Steve Potash, the CEO of e-book digital distributor OverDrive, came out with a statement saying "publishers and authors are best served by offering multiple, flexible, and reasonable terms for libraries and schools to lend digital content." OverDrive runs the Panorama Project, a data-driven research project which researches the impact of library holdings on, among other things, book sales. He offered some actual data on Macmillan's claims, and painted a different picture.
The American Library Association has denounced this model using strong language, but perhaps it's time for libraries to do more than grumpily go along with whatever gets foisted upon us. Sixty-four percent of US public libraries are members of consortia for e-book purchasing. Maybe it's time we got together and decided to spend more of the public's money with businesses who want to do business with us, who don't just consider us "a thorny problem," while also not understanding how we operate.
Lowering barriers to access to information for all Americans is a public good. Public libraries exist in large part because they are necessary to a functioning democracy. People who participate in civics and elect their own legislators require free access to impartial information so that they can stay informed. Creating barriers to that access -- barriers that disproportionately affect those who are hardest to serve -- is a short-sighted move, and highlights the very real conflicts between capitalism and community.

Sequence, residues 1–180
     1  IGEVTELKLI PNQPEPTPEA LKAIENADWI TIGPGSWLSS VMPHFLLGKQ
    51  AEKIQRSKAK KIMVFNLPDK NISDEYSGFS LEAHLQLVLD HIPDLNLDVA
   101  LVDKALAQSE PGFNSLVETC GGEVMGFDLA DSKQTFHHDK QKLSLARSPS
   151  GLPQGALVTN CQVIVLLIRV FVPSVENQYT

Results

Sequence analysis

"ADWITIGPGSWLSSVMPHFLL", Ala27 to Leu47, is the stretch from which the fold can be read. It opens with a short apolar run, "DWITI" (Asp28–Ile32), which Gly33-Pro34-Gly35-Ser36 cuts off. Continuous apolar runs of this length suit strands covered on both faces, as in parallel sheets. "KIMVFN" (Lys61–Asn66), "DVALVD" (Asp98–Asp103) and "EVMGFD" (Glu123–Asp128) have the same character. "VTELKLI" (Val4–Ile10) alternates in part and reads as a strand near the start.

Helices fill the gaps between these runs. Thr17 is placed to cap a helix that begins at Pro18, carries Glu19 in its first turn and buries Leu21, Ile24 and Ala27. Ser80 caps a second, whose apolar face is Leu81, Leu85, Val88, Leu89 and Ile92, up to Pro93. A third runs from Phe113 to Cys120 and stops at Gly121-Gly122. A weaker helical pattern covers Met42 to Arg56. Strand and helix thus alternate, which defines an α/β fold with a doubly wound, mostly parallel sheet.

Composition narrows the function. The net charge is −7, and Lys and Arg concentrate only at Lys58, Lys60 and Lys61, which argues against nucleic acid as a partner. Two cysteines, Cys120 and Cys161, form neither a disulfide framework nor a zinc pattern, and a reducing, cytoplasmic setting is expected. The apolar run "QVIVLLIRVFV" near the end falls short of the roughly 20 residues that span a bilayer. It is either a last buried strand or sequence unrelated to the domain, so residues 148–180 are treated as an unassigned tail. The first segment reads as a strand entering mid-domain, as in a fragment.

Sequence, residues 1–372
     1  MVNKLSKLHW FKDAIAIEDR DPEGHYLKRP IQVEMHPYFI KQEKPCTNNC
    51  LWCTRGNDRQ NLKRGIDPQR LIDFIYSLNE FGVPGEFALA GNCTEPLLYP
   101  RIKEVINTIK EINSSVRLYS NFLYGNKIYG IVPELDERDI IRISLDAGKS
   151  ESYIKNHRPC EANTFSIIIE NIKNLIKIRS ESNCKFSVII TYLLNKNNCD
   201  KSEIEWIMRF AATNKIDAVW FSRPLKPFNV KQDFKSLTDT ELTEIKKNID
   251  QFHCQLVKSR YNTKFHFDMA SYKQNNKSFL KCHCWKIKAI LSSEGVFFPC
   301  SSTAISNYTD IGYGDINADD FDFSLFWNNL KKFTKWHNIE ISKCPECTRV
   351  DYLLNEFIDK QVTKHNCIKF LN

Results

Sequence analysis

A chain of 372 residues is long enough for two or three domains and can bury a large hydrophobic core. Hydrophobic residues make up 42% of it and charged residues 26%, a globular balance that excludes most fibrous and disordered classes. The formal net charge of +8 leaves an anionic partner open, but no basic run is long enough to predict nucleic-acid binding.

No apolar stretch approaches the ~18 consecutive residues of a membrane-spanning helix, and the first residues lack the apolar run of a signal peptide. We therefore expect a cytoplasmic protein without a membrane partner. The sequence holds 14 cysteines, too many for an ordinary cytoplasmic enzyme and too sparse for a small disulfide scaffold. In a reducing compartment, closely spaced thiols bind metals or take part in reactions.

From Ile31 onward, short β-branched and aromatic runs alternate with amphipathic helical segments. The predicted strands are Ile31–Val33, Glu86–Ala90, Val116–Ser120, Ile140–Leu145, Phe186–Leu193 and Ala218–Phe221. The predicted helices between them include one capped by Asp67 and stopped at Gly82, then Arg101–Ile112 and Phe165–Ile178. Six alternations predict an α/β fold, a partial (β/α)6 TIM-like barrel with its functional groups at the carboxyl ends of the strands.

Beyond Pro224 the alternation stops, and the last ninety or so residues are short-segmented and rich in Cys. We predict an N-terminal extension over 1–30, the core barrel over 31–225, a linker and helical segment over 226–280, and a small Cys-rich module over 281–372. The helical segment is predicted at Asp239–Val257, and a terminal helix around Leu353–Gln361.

On reading


...and so on.



The Fine Arts Association will once again showcase 10-minute original plays.  
Only ONE 10-minute submission will be accepted per playwright. Submit your favorite!  The number of plays to be produced will be at The Fine Arts Association’s discretion and will depend on the mix of qualified submissions. Original plays accepted for the Festival will be announced between January 13-24, 2020. The plays selected will be given full production within the capabilities and budget of The Fine Arts Association. There are no submission fees for this Festival. There will be no monetary stipend for plays produced in the Festival. 


We are currently accepting submissions for next year's Los Angeles Queer New Works Festival. We are especially interested in:
  • Fearless new plays and one acts
  • Socially relevant contemporary musicals
  • Ensemble driven pieces
  • Daring solo works
  • Unproduced screenplays
  • Pilots and Web Series centering LGBTQ+ Characters ​​

The Ziegfeld Club, one of the first New York City performing arts charities to benefit women is thrilled to announce that they will offer the Billie Burke Ziegfeld Award for the Fifth consecutive year in a row. A prestigious grant in the amount of $10,000, The Billie Burke Ziegfeld Award aims to celebrate an emerging female composer or composer/lyricist who compellingly demonstrates outstanding artistic promise in musical theater composing and clearly demonstrates how the grant money & mentorship will further her artistic career.